While the various brands continued to maintain fiercely independent marketing and sales departments, they no longer handled their own manufacturing, which was centralized and directly under Hayek's control. Brands now had to submit competing bids to get their watches produced, and large orders required Hayek's personal signature.

Consolidating the process eliminated production overruns and made it possible to get a clearer picture of what was actually happening. It was soon realized that 80% of Omega's sales came from only 15% of its models. The number of models was subsequently reduced from 2,000 to 130.

In order to control how the Swatch was marketed, Hayek began selling through his own branded Swatch stores. Initial sales for the Swatch had been projected at 5 to 6 million watches a year. As it turned out, 20-25 million Swatches were sold every year from 1983 to 1990.

Hayek considered the flow of information and timely response to it as one of a corporation's most important assets. The company established a powerful IT system for managing over 440 reporting units. Sales figures were available on the 6th of each month, and profit and loss statements became available 10 to 15 days later. Hayek managed to close the gap between manufacturing output and real-time market demand.


Hayek's three professed principles were to deliver promptly on promises, to avoid layoffs and to make certain that his employees trusted the quality of leadership coming from management. He believed that management decisions needed to be transparent, clearly understood and decisive.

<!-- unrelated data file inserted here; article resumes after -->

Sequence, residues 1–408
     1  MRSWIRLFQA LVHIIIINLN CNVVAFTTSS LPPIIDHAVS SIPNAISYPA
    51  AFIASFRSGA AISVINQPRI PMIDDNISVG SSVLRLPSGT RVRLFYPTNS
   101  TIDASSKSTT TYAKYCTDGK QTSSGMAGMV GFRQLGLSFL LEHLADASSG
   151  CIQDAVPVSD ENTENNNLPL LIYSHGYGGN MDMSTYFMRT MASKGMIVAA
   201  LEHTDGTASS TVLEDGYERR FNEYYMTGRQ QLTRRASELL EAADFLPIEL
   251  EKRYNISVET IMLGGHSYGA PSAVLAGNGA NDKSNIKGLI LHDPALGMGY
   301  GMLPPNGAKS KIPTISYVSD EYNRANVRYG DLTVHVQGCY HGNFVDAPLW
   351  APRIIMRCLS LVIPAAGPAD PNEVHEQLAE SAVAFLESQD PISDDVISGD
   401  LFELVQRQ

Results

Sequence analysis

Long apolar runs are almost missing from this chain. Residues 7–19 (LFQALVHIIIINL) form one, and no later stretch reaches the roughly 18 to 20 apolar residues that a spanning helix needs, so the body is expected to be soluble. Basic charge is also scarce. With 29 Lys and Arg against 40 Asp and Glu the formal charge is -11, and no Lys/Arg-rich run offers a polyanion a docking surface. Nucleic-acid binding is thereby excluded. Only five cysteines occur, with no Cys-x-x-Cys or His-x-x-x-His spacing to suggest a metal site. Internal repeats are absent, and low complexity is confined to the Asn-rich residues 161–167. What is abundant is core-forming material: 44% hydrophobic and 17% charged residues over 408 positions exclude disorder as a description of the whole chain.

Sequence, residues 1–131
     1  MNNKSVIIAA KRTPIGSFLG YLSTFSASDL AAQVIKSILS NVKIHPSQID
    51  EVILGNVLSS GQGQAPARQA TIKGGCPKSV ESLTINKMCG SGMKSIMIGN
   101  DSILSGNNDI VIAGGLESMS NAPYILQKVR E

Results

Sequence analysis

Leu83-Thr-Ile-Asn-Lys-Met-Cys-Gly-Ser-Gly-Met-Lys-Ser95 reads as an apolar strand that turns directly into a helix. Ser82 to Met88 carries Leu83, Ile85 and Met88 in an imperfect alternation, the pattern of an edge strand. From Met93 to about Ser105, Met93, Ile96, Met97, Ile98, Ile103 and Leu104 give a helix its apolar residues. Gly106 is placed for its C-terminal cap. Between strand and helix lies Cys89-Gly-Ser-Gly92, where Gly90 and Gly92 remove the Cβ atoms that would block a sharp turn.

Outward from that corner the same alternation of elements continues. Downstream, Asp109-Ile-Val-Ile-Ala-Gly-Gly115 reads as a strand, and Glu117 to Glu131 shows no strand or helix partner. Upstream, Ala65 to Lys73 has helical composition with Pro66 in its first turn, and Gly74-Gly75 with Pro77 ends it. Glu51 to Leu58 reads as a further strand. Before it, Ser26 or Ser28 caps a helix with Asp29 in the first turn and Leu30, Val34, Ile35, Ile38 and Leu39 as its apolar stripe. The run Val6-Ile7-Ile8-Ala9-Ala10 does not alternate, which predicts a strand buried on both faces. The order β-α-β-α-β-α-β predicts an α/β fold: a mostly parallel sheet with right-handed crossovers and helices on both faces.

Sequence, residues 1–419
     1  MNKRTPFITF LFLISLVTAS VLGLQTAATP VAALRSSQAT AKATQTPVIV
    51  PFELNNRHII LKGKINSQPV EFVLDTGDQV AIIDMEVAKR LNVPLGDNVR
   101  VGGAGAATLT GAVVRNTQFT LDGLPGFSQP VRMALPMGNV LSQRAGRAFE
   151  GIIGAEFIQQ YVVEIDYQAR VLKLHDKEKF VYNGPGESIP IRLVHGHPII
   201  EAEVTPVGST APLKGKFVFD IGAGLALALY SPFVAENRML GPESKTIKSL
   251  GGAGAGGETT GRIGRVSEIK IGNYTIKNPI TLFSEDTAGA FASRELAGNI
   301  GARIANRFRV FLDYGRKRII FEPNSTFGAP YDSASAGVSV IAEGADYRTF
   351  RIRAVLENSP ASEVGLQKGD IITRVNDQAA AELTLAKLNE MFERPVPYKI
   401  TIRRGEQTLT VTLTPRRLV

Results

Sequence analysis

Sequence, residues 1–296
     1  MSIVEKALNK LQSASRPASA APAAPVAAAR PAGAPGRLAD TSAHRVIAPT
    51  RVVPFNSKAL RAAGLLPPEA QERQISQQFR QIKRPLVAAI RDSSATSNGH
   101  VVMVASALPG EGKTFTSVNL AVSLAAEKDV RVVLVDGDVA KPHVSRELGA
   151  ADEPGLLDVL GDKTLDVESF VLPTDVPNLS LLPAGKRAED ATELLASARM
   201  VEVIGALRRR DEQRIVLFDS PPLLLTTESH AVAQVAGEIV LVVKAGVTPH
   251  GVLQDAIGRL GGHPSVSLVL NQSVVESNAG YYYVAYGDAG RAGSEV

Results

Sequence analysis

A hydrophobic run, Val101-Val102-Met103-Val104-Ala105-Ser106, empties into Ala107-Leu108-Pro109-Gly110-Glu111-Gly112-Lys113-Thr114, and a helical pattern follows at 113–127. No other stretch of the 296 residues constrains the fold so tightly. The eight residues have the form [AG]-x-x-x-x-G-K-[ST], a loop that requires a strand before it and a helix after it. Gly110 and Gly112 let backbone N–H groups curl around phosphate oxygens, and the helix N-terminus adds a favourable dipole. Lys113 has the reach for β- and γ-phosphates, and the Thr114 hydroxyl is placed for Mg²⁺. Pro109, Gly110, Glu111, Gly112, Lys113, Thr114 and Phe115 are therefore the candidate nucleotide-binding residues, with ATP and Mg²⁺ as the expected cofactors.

In order to recapture Switzerland's dominant position, Hayek knew that he had to retain manufacturing know-how and that meant not losing skilled workers through layoffs which would risk demoralizing the whole operation.

Hayek's product that allowed him to keep his factories running while he reoriented the company was the low-cost Swatch. The watch had already been under development as a "slim line" watch when he joined the company, but the plan had been to sell the mechanism to other companies which would then resell it under their own brand.

Instead, Hayek decided to take over sales directly and to brand it as the Swatch. By getting into the mass-market trenches, Hayek argued, the company could reassert control over the lower end of the market. He felt that that was an essential step to maintaining corporate vitality and creativity.

The Swatch helped Hayek train his marketing departments in how to deal with global competition. Hayek also believed strongly in vertical integration in order to maintain autonomy. He wanted to make certain that his own workers maintained a comprehensive knowledge base. So when the Japanese offered to sell him integrated circuits at half price, he refused in order to keep the capacity of developing new circuits alive in his own company.

Hayek was the CEO of Swatch from 1985 – 2003. With the contribution of his visionary management, Switzerland today exports around 26 million watches a year. Now China exports more than a billion. But according to the Federation of the Swiss Watch Industry, the average price for a Chinese watch is around $2.00, while the average price for a Swiss watch is more than $563. So in terms of value, Switzerland still holds 55% of the world's market.

Understanding this context will help Swiss entrepreneurs to push the watch industry to new heights of success. But it also provides a salutary lesson for any entrepreneur facing tough decisions in today's frosty economic climate.


About The Author

Preston Bottger
Preston Bottger

Preston Bottger is Professor of Leadership and General Management at Swiss business school, IMD. He teaches on the Program for Executive Development as well as the Leading the Global Enterprise and the Orchestrating Winning Performance programs. He also teaches in IMD's Partnership Programs.